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martensitic precipitation-hardenable stainless steel

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Series: ASM Desk Editions
Publisher: ASM International
Published: 01 December 1998
DOI: 10.31399/asm.hb.mhde2.a0003116
EISBN: 978-1-62708-199-3
... steels, whereas the higher-carbon martensitic stainless steels are among the most difficult metals to machine. Austenitic and precipitation-hardening stainless steels vary more widely in machining characteristics within each class than do the ferritic and martensitic grades. Most easily machined...
Series: ASM Handbook
Volume: 4D
Publisher: ASM International
Published: 01 October 2014
DOI: 10.31399/asm.hb.v04d.a0005961
EISBN: 978-1-62708-168-9
...-7 PH, Alloy PH 15-7 Mo, AM-350, Pyromet 350, AM-355, and Pyromet 355; austenitic PH stainless steel, A-286; cast PH stainless steels; and iron-nickel PH superalloys. annealing austenitic precipitation-hardenable stainless steel heat treatment iron-base superalloys martensitic precipitation...
Series: ASM Handbook
Volume: 6
Publisher: ASM International
Published: 01 January 1993
DOI: 10.31399/asm.hb.v06.a0001412
EISBN: 978-1-62708-173-3
...Abstract Abstract This article commences with a brief description of the solidification characteristics and microstructures of martensitic precipitation hardening (PH) stainless steels. It reviews the welding parameters for types 17-4PH, 15-5PH, PH13-8 Mo, Custom 450, and Custom 455...
Series: ASM Handbook
Volume: 4D
Publisher: ASM International
Published: 01 October 2014
DOI: 10.31399/asm.hb.v04d.a0005985
EISBN: 978-1-62708-168-9
... this action by its influence on reducing the solubility of carbon in the matrix. Thus, the tempering of the higher-alloy martensitic stainless steels can truly be considered a precipitation-hardening reaction. The higher-carbon, higher-chromium grades are typically stress-relieved only because the removal...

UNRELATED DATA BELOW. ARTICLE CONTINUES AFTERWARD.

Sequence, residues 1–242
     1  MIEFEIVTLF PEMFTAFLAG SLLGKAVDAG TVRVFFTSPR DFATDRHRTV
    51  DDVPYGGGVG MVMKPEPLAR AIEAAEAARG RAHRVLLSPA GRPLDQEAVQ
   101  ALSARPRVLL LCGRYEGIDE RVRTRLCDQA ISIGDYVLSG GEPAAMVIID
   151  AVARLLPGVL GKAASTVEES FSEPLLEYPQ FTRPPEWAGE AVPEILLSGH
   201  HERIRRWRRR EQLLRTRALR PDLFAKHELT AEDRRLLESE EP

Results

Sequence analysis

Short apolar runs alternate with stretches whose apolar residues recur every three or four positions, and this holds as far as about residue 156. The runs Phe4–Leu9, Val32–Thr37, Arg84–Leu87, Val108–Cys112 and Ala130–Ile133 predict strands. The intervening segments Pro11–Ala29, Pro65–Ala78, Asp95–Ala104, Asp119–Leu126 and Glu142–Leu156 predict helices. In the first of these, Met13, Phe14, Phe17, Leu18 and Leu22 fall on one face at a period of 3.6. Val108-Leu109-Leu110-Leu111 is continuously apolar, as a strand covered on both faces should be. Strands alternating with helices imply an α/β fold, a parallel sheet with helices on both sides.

Series: ASM Handbook
Volume: 9
Publisher: ASM International
Published: 01 December 2004
DOI: 10.31399/asm.hb.v09.a0003767
EISBN: 978-1-62708-177-1
... microscopic examination microstructures stainless steel metallography stainless steel microstructures STAINLESS STEELS are complex alloys containing a minimum of 11% Cr plus other elements to produce ferritic, martensitic, austenitic, duplex, or precipitation-hardenable grades. Procedures used...
Series: ASM Handbook
Volume: 19
Publisher: ASM International
Published: 01 January 1996
DOI: 10.31399/asm.hb.v19.a0002403
EISBN: 978-1-62708-193-1
...Abstract Abstract This article summarizes the key mechanical characteristics of various types of stainless steel, including ferritic, austenitic, martensitic, precipitation hardening, and duplex steels. Particular emphasis is on fracture properties and corrosion fatigue. The article tabulates...
Image
Published: 01 January 1996
Fig. 1 General comparison of the hot-strength characteristics of austenitic, martensitic, and ferritic stainless steels with those of low-carbon unalloyed steel and semiaustenitic precipitation and transformation-hardening steels. More
Image
Published: 01 January 2000
Fig. 18 General comparison of the hot-strength characteristics of austenitic, martensitic, and ferritic stainless steels with those of low-carbon unalloyed steel and semiaustenitic precipitation and transformation-hardening steels More
Book: Machining
Series: ASM Handbook
Volume: 16
Publisher: ASM International
Published: 01 January 1989
DOI: 10.31399/asm.hb.v16.a0002180
EISBN: 978-1-62708-188-7
... in this article. Classification of Stainless Steels Stainless steels can be divided into five families. Four are based on the characteristic microstructure of the alloys in the family: ferritic, martensitic, austenitic, or duplex (austenitic plus ferritic). The fifth family, the precipitation-hardenable...
Series: ASM Handbook
Volume: 1
Publisher: ASM International
Published: 01 January 1990
DOI: 10.31399/asm.hb.v01.a0001048
EISBN: 978-1-62708-161-0
.... It gives some typical compositions of wrought heat-resistant stainless steels, which are grouped into ferritic, martensitic, austenitic, and precipitation-hardening (PH) grades. Quenched and tempered martensitic stainless steels are essentially martensitic and harden when air cooled from the austenitizing...
Series: ASM Handbook
Volume: 23